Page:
Wednesday, 3 June 2020
The Siege of Sidney Street - Frederick Oughton
Odd, though, that people should want a novel when the siege was a real event, only 50 years old at the time so well within living memory, and already the subject of many non-fiction books. The story is an absolute cracker - armed police and infantrymen exchanging gunfire with a small band of anarchists, already wanted for murder, holed up in a derelict tenement. Crowds came to watch as, famously, did the Home Secretary, Winston Churchill. Indeed, Churchill's presence is likely one of the reasons that not absolutely everyone today knows about the Siege; certain elements would prefer we forget Churchill's penchant for shooting militants - and miners. Oughton - and I presume Sangster - hold back Churchill's arrival to the very last chapter, so naturally it is not an issue. The story is extremely well done, opening up the complex background through character interaction. The dialogue is effective and I noted that Oughton was very good at establishing location.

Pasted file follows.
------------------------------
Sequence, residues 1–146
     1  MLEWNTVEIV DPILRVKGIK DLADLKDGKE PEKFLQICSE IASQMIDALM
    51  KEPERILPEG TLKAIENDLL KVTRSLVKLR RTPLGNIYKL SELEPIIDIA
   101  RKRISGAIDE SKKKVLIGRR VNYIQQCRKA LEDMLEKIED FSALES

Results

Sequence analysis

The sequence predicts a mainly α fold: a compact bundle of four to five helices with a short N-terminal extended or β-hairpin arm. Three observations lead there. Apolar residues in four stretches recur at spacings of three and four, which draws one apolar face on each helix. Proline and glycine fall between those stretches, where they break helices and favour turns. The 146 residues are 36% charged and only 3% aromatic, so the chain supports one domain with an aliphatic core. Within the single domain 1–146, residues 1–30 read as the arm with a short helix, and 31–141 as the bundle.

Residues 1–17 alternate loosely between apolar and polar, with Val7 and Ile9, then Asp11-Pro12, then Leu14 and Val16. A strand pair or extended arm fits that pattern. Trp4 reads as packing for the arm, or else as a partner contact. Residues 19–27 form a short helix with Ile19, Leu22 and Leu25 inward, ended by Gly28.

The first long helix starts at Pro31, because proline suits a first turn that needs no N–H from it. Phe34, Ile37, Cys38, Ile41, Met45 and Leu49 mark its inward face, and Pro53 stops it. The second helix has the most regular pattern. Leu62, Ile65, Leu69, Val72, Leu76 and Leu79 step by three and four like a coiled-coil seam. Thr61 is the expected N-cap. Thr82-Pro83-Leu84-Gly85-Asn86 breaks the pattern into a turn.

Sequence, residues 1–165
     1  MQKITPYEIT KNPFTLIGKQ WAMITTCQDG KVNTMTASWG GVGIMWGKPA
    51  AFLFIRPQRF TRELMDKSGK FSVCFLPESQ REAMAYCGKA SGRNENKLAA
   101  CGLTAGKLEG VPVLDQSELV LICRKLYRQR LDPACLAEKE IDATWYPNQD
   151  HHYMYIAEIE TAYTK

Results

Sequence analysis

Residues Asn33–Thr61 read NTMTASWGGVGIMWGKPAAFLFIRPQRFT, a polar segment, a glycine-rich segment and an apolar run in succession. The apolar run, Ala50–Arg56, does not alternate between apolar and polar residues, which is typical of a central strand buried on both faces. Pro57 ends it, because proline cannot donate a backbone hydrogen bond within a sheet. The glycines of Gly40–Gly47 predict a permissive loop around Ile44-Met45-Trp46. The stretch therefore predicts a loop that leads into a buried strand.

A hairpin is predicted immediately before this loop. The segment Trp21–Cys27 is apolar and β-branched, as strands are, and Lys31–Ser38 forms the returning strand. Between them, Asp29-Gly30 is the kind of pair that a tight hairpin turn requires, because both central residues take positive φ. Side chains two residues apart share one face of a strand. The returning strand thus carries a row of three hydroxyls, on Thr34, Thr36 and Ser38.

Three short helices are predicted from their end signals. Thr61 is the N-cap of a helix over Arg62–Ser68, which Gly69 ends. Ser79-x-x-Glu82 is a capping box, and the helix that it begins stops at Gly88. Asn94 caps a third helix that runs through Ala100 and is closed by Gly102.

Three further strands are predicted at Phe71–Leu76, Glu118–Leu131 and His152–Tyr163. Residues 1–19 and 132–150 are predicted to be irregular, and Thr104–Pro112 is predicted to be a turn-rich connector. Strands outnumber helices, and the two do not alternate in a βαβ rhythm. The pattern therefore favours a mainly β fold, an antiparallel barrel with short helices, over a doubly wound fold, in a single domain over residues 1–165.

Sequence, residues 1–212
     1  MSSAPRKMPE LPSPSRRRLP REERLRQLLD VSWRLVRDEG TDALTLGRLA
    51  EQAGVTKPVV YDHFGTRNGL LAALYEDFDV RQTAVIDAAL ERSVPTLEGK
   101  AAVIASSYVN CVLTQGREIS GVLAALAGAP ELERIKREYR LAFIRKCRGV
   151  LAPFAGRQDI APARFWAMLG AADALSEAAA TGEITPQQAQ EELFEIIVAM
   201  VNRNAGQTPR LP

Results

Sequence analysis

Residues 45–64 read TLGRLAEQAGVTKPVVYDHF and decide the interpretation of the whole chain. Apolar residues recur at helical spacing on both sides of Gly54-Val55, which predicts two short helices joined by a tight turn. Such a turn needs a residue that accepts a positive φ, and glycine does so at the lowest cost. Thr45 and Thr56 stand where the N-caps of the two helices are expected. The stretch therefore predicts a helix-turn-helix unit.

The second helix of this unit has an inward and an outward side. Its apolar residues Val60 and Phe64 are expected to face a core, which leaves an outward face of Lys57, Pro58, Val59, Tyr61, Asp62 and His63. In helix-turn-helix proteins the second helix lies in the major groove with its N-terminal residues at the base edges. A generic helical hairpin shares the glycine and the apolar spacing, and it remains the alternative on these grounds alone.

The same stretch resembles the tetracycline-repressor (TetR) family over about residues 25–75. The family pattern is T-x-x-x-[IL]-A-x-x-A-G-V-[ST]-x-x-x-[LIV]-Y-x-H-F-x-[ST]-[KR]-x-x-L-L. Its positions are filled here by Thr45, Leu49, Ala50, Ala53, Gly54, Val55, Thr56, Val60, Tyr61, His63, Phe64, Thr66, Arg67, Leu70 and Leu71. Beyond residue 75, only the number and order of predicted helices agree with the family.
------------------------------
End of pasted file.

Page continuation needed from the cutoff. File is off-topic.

I haven't seen the film - I have no idea why the chap on the front, presumably Kieron Moore, is wearing a light-grey suit at least a decade out of period - but I absolutely devoured the book.